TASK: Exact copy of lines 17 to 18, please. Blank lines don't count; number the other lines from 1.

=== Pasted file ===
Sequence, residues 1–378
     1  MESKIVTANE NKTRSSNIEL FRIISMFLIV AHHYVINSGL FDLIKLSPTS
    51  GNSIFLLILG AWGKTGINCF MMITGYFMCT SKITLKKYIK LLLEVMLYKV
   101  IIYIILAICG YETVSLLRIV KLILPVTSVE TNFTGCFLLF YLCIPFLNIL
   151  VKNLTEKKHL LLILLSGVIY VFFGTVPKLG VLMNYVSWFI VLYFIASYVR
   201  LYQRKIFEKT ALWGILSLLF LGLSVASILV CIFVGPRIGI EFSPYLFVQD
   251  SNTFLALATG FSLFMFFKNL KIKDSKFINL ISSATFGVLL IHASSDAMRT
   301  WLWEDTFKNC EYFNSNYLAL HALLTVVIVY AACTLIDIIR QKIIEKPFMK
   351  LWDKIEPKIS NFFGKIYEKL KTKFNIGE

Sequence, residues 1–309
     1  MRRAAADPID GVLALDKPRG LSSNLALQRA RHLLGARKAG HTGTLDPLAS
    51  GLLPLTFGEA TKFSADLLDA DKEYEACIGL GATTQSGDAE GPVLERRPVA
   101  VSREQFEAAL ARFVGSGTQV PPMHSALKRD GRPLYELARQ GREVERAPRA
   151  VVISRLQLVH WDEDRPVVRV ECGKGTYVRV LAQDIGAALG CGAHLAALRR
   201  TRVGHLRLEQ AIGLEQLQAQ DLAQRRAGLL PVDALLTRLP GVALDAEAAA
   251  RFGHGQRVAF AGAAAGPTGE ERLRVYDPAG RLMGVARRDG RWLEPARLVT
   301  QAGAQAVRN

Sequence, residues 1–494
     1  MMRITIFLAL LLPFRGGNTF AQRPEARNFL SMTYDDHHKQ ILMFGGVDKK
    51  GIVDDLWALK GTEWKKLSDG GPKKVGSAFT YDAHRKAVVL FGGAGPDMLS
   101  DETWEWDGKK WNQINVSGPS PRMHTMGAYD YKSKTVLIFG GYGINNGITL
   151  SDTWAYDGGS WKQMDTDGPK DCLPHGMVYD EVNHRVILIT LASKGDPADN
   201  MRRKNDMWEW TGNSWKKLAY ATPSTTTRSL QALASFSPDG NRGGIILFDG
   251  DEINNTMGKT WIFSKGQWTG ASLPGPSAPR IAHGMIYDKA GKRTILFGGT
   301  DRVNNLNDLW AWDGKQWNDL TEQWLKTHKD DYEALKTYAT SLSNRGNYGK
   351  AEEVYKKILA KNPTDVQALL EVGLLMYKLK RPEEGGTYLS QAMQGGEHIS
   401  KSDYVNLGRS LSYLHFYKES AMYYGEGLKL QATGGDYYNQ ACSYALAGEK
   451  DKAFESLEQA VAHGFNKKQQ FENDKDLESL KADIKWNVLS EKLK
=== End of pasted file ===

   301  QAGAQAVRN

Sequence, residues 1–494